— Lady John Russell • Desmond MacCarthy and Agatha Russell

... us better and stronger. He has given us His Spirit as we knelt before the bishop. We must go forth in that strength. We must use it, live on it, and it will be ours. Kata ten pistin humon genetheto humin. When we feel most hopeless, most wretched, most distant from God, remember 'feelings don't matter.' Remember that God's Son felt the same temptation, remember that He too was forsaken by His God. And when all seems lost, Satan seems master, we are misunderstood; ...
— Letters to His Friends • Forbes Robinson

... wounded and the refugees were still more miserable than those we had passed on the way. Loaded carts blocked the streets. Every house was occupied, and the narrow sidewalks were crowded with Russian soldiers, who looked wretched enough in their dripping overcoats, as they stamped their rag-swathed feet. At the corner, in front of the great Khan, motley groups of Greeks, Bulgarians, and Russians were gathered, listlessly watching the line of hobbling wounded as they turned the corner ...
— Stories by American Authors, Volume 5 • Various

... hope for,—or you? Surely you would not want to marry a girl who loved another man. But is it much better to marry one who feels that she does not love you? Think of it, Steven: I am very lonely, very far from happy, very wretched over Kate's evident trouble and all the sorrow I am bringing you and yours; but have I misled or deceived you in any one thing? Once only has a word been spoken or a scene occurred that you could perhaps have objected to. I told you the whole thing in my letter ...
— The Deserter • Charles King

... with your bread and apples," responded Mrs. Evringham flippantly. "I have a real worry now that that wretched little cousin of yours ...
— Jewel - A Chapter In Her Life • Clara Louise Burnham

... so unhappy here—so wretched, this is but a gleaning white stone prison, Justine! I stifle in this wretched land! Why did my father bring me here to die by inches?" There was no pretense in her ...
— A Fascinating Traitor • Richard Henry Savage

... sorely disappointed. She had gone over in her own imagination this very scene a thousand times, of the supreme moment he would clasp his arms around her, telling her in glowing, passionate words how dearly he loved her and how wretched his life would be without her. He ...
— Daisy Brooks - A Perilous Love • Laura Jean Libbey

... are not dreaming of going on the river in that!" he says, indicating the wretched punt by a contemptuous wave ...
— Rossmoyne • Unknown

... that wretched crowd, And Francis of Accorso; and thou hadst seen there If thou hadst had a hankering ...
— Divine Comedy, Longfellow's Translation, Hell • Dante Alighieri

... Wigtown, the wretched man went about, wildly seeking to move the feelings of men whose hearts were ...
— Hunted and Harried • R.M. Ballantyne

... of: the guitar is my limit, the fandango my repertoire. As for alert intelligence, artistic comprehension, ability to appreciate, I can not make the running with you; I am outclassed—hopelessly. Now, if this is all true—and I have spoken the wretched truth—what can a man like me have to say ...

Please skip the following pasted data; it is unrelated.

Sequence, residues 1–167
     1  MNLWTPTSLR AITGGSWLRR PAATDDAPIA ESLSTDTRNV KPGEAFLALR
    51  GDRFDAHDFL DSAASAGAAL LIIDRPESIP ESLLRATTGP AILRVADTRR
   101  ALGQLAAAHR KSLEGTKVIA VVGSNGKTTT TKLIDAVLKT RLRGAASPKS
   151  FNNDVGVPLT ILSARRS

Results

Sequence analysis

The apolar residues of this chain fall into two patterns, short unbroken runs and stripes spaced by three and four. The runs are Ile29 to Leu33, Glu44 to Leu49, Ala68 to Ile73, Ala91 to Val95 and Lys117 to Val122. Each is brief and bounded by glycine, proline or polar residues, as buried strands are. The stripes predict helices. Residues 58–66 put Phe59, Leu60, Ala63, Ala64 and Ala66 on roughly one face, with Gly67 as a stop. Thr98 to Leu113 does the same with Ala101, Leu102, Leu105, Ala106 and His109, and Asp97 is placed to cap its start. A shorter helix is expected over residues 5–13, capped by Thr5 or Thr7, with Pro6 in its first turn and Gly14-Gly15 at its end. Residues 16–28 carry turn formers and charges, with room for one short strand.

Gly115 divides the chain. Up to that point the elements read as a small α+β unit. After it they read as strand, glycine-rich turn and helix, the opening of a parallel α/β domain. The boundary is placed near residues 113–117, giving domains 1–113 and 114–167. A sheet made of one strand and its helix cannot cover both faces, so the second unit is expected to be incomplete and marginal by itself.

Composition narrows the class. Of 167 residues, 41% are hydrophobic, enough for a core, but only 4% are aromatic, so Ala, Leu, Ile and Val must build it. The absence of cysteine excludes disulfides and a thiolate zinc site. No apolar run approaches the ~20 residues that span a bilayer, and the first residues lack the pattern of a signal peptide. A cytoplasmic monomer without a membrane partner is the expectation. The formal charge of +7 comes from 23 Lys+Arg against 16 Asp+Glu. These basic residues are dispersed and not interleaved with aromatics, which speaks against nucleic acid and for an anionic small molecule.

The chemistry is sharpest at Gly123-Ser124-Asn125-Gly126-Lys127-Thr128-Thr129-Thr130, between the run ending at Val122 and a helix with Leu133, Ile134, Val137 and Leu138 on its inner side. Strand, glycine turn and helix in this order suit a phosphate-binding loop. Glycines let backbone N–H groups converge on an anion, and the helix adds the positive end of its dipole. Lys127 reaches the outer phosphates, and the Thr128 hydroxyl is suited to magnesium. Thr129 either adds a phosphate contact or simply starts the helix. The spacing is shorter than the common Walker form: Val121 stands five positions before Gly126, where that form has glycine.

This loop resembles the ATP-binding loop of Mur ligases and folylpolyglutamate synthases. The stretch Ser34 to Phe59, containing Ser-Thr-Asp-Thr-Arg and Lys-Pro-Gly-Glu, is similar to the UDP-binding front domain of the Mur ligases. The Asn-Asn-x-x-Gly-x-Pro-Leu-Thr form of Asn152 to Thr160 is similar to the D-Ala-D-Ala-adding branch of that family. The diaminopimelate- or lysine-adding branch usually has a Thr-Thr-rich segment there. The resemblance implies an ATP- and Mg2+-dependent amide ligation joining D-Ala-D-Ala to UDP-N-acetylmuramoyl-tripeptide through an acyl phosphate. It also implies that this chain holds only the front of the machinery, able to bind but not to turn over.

— Iole • Robert W. Chambers

... to call me plump!" returned Camilla reproachfully. "Anyway, anybody would yawn with the Captain keeping the entire household awake all night. I vow, I haven't slept one wink since that wretched news from Charleston. He thinks he's a battery of horse artillery now; that's the very latest development; and I shed tears and the chandeliers shed prisms every ...
— Ailsa Paige • Robert W. Chambers

... children, and because of the mere suspicion that she was attempting to poison him, he cut off her nose and mutilated her ears. He sent her back to her father in Gaul thus despoiled of her natural charms. So the wretched girl presented a pitiable aspect ever after, and the cruelty which would stir even strangers still more surely incited her father to vengeance. Attila, therefore, in his efforts to bring about the wars 185 long ...
— The Origin and Deeds of the Goths • Jordanes

... hand to his side, and rolled his eyes agonizingly towards his mother, but she took no notice. She got some paper out of the cupboard, and Ephraim sat down and began quirling it into long spirals with a wretched sulky air. ...
— Pembroke - A Novel • Mary E. Wilkins Freeman

... to sit down to their dinner of dried meat, Frank, Archie, and Johnny suddenly appeared in sight, accompanied by the two trappers. Archie had repeatedly declared that he owed the traitor a debt, which he intended to settle the very first time he met him; but when he saw what a wretched condition Arthur was in, he relented, and pitied him from ...
— Frank Among The Rancheros • Harry Castlemon

... signs of having become ruinous while they were yet new. The wailing of children, the scolding of their mothers, the miserable exhibition of ragged linens hung from the windows to dry, spoke the wants and distresses of the wretched inhabitants; while the sounds of complaint were mocked and overwhelmed in the riotous shouts, oaths, profane songs, and boisterous laughter, that issued from the alehouses and taverns, which, as the ...
— The Fortunes of Nigel • Sir Walter Scott